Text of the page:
This article was translated by John R. Bopp
The Irish daily The Irish Times has just published an article this afternoon that tells the story of Jack Prendergast, the Irishman who left his homeland to join the militias of the Basque Nationalist Party that were fighting against fascism in the Basque Country.
In Ireland, the sympathies towards the sides that had formed after Franco’s fascist insurrection were divided. On the one side, the Irish Brigade was made up of 700 followers of Irish fascist Eoin O’Duffy, who joined Franco’s troops. On the other hand, a smaller group, led by Frank Ryan, joined the International Brigades that fought along the different Spanish fronts.
But there was a third group of Irishmen. Well, Irishman. Irish Republican Jack Prendergast decided to participate in the fight against fascism on the side of Basque nationalism. So, he joined the militias that the Basque Nationalist Party was creating in the first days of the war, and then joined the Euzko Gudarostea, the unified Basque army, which acted throughout the war under the command of Lehendakari Agirre.
Jack Prendergast only wanted to fight with the Basques in defense of the Basque people’s cause, as he clarified in a letter he sent to The Evening Herald in 1939, where he revealed that he hadn’t fought with the International Brigades, but as a soldier in the Basque Army, where he stayed “in order to fight with the Basques until the last inch of Basque territory had been taken”.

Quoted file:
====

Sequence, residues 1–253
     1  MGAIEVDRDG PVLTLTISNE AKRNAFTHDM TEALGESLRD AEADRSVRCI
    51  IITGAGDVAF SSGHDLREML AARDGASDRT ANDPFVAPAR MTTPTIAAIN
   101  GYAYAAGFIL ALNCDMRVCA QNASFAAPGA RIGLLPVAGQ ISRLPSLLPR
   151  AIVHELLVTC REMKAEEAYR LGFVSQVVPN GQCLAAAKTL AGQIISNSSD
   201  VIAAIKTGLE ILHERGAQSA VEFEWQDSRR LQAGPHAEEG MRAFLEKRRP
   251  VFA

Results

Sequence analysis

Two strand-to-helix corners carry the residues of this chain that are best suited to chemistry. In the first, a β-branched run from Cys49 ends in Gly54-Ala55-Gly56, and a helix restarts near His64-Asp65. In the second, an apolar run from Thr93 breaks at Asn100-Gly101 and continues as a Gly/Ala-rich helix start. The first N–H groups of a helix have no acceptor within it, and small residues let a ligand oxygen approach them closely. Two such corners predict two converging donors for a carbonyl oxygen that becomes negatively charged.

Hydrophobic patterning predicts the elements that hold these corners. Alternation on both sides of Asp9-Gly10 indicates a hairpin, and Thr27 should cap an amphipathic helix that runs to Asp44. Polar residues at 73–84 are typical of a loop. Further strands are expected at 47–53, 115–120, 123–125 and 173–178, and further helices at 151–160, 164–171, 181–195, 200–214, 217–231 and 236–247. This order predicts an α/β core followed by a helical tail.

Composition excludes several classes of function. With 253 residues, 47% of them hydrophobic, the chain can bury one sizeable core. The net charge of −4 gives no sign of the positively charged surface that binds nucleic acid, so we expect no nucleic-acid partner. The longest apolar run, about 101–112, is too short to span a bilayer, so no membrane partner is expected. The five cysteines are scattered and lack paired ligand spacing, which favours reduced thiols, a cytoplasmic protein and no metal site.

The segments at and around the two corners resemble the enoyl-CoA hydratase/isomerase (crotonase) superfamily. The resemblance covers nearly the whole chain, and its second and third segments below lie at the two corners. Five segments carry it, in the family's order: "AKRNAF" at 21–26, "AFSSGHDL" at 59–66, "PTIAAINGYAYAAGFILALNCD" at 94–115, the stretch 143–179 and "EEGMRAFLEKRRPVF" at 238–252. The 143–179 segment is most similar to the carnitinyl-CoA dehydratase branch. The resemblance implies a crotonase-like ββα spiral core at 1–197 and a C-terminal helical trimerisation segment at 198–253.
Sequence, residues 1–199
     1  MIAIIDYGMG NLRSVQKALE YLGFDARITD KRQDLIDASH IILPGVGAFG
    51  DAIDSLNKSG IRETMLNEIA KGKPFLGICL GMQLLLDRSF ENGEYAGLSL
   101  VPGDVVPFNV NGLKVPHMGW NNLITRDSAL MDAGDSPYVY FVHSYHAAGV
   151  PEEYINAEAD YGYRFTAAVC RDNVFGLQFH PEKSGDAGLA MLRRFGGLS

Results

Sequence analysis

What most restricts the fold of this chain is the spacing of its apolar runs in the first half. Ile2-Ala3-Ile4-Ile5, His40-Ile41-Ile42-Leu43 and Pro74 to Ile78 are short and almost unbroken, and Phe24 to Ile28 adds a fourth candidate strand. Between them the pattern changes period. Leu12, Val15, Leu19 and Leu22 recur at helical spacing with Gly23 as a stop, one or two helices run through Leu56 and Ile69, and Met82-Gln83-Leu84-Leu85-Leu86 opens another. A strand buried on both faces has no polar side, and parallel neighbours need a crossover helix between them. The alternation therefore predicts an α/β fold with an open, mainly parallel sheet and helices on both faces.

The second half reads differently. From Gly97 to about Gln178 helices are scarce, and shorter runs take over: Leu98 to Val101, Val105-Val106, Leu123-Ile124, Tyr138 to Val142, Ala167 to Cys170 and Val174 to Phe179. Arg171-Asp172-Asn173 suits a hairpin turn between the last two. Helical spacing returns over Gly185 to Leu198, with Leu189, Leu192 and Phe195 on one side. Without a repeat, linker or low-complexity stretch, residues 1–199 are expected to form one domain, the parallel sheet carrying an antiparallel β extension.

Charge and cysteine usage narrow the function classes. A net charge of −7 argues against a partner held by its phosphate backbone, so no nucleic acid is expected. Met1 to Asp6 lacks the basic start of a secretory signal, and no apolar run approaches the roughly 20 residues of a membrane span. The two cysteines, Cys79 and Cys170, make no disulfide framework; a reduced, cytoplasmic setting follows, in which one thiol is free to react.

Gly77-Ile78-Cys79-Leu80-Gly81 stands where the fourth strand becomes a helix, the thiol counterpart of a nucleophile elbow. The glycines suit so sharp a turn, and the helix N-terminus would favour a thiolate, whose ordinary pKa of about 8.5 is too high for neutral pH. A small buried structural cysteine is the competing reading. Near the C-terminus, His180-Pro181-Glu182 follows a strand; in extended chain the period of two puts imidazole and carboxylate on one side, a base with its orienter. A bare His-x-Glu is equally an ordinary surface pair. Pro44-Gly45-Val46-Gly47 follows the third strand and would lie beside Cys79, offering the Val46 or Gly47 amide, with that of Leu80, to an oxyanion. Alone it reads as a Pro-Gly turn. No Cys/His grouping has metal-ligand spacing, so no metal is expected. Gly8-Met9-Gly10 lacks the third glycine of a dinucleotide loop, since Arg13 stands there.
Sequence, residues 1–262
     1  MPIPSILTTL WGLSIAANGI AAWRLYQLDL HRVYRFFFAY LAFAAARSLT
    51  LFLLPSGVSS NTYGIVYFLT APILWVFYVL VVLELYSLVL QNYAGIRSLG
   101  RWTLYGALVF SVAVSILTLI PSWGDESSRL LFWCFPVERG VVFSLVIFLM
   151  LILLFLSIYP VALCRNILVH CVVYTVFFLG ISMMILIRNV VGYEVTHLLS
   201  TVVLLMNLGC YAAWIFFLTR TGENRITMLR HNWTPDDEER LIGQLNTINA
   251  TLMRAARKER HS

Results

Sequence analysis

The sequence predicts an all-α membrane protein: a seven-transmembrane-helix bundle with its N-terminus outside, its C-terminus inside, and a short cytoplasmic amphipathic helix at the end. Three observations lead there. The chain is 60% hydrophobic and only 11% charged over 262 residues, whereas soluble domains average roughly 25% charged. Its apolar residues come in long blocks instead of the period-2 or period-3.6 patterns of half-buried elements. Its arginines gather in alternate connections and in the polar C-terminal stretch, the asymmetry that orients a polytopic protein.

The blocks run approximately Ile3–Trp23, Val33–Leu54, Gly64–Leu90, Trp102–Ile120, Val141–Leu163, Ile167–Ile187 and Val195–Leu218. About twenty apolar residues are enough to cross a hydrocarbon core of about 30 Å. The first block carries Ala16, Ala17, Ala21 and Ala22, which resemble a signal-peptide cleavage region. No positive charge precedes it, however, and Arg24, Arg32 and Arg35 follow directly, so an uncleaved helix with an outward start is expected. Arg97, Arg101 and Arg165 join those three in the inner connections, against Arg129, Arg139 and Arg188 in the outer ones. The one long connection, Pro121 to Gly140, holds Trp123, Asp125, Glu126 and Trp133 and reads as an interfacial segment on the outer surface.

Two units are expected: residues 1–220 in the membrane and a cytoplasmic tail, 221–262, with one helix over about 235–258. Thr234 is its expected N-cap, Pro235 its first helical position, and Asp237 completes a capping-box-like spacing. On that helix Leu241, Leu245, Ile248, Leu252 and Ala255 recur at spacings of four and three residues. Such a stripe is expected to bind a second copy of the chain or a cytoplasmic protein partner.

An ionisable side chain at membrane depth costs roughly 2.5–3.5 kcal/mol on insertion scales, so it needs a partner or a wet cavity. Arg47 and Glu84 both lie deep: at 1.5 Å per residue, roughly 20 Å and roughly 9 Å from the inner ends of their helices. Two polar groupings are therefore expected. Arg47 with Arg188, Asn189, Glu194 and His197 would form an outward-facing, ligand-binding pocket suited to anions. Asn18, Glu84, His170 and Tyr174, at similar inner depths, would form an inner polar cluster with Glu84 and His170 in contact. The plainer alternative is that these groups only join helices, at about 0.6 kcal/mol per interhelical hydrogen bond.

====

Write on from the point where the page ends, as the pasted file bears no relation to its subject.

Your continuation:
He was part of the Irrintzi “Infantry Accompanying Machines” (MAI) Battalion, where he reached the rank of Captain. Interestingly, his superior was Gabino Artolozaga, a nationalist born in Chile in 1899, who completed his military service as a artillery sergeant on the coast. We say “interestingly” because this Basque-Chilean, between 1914 and 1920, basically during the First World War, first belonged to the Sokotz group in Yugoslavia, and then to Sinn Fein in Ireland.
He was captured in Santoña by the insurgents and expelled from the State by the rebel authorities for being an “undesirable foreigner”, which is still one of the highest compliments an antifascist can receive.
The story of a Friend of the Basques, which was told in a series of talks organized in Dublin to commemorate the 80th anniversary of the Bombing of Guernica.
The Irish Times – 23/4/2017 – Irlanda
Irishman who fought in Spanish Civil War remembered at 80th anniversary
The only Irishman known to have fought with the Basque army during the Spanish Civil War was remembered at an event in Dublin this weekend marking the 80th anniversary of the destruction of Gernika.